Tattoos and self-expression

Here’s another news story about doing something positive instead of focusing on the negative (in this case, bullying and debilitating accidents). It’s about tattooing, but a different kind. Warning: some of the images are a little hard to watch.

Read more about the story here: “Basma Hameed creates booming business tattooing scars” (from Canada’s CBC News)

Tattoos have become almost commonplace in many parts of the world. When I was in Portland, Oregon, I think more than half the people I saw there had a tattoo. This article from the Huffington Post says that more than a third of young (age 18-36) Americans have tattoos.

But they are still largely stigmatized here in Japan. When my sister, who has some small tattoos on her ankles and wrists, came to visit me, I advised her to cover the tattoos with bandaids when we went to an onsen (hot springs), as I’d heard many stories of people being forbidden entrance, even for small tattoos, and most onsen I’ve been to do have signs that say “No tattoos”. It was troublesome and spoiled the experience for her a little.

Read more about the history of tattoos in Japan here: “Japan inked: Should the country reclaim its tattoo culture?” (from the Japan Times). Here’s a story about a woman who was fined at her workplace for having a tattoo. And here’s a much longer piece from Japan Subculture about tattoos in Japan today.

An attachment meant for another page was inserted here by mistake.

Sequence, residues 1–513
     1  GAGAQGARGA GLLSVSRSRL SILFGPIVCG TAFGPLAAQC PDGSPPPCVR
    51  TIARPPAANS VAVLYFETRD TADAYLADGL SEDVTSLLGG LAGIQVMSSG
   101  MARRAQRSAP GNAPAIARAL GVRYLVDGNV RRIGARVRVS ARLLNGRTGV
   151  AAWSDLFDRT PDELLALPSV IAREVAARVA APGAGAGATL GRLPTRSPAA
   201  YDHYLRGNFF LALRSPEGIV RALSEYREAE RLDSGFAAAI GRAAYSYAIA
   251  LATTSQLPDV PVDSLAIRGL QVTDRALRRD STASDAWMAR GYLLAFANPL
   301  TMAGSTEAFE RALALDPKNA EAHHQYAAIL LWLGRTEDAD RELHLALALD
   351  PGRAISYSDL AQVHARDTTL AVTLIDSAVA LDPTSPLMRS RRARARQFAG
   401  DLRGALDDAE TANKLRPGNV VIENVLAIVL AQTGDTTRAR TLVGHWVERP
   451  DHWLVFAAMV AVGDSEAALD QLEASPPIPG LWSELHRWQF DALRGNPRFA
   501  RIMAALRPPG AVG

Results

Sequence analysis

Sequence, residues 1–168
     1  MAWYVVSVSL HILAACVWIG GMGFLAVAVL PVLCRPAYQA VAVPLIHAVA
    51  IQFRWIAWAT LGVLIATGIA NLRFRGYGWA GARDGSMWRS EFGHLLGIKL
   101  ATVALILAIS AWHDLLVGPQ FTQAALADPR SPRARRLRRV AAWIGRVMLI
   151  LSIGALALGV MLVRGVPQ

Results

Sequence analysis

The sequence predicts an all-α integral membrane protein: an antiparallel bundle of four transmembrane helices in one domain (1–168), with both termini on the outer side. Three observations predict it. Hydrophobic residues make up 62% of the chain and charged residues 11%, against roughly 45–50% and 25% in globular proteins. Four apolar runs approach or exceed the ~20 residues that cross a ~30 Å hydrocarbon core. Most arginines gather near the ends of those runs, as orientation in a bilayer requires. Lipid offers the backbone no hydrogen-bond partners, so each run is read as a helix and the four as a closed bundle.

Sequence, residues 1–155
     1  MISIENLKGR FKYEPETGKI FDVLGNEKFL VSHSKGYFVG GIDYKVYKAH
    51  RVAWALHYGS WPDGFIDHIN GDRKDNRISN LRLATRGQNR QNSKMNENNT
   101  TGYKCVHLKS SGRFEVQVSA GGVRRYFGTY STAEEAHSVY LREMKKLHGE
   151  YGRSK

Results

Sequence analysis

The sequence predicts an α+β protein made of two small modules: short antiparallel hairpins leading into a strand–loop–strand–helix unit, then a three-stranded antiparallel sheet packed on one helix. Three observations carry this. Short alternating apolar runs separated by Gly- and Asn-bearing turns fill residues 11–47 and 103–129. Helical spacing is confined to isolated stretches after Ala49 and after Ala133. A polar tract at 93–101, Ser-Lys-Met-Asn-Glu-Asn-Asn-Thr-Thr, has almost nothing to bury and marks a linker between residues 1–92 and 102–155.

I do see more and more younger people in Japan with tattoos. Maybe the onsen rules (which also seem to exist at swimming pools and sports gyms) will relax one day. And in any case, I suppose the tattooing shown in the video wouldn’t count?

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4 thoughts on “Tattoos and self-expression

  1. Pingback: Post 10-2 | Khai Muk Wi-Wi

  2. I agree. At one point when everyone comes to a collective thought and stop “conforming” then society itself will almost in a way open its mind to something beautiful such as tattoo art. Here in the US they are becoming such the norm now. I am a mental health therapist and have 4 tattoos. A place work place where it was one frowned on because you have to be “clean cut.” What’s even more impressive is that more and more Doctors getting tattoos as well.

    Good luck on your journey and do not give up! Namaste!

  3. Thanks for the comment. I think we should be allowed to do what we want with our bodies: piercings, tattoos, or whatever. On the other hand, many of us live in a society where we have to wear “uniforms” of various kinds and conform to certain rules. Or maybe we don’t? I know people who don’t want to conform to those rules or wear those uniforms and choose career paths where they don’t have to. In an ideal world, we’d all have that kind of freedom to choose.

  4. I always liked Japanese art. Keep doing what your tattooing is just another expression of a beautiful art. Just because we use our bodies as canvases doesn’t mean that its wrong to get tattooed. I love my tattoos and would never change them. Each one tells a story of my beliefs and life.

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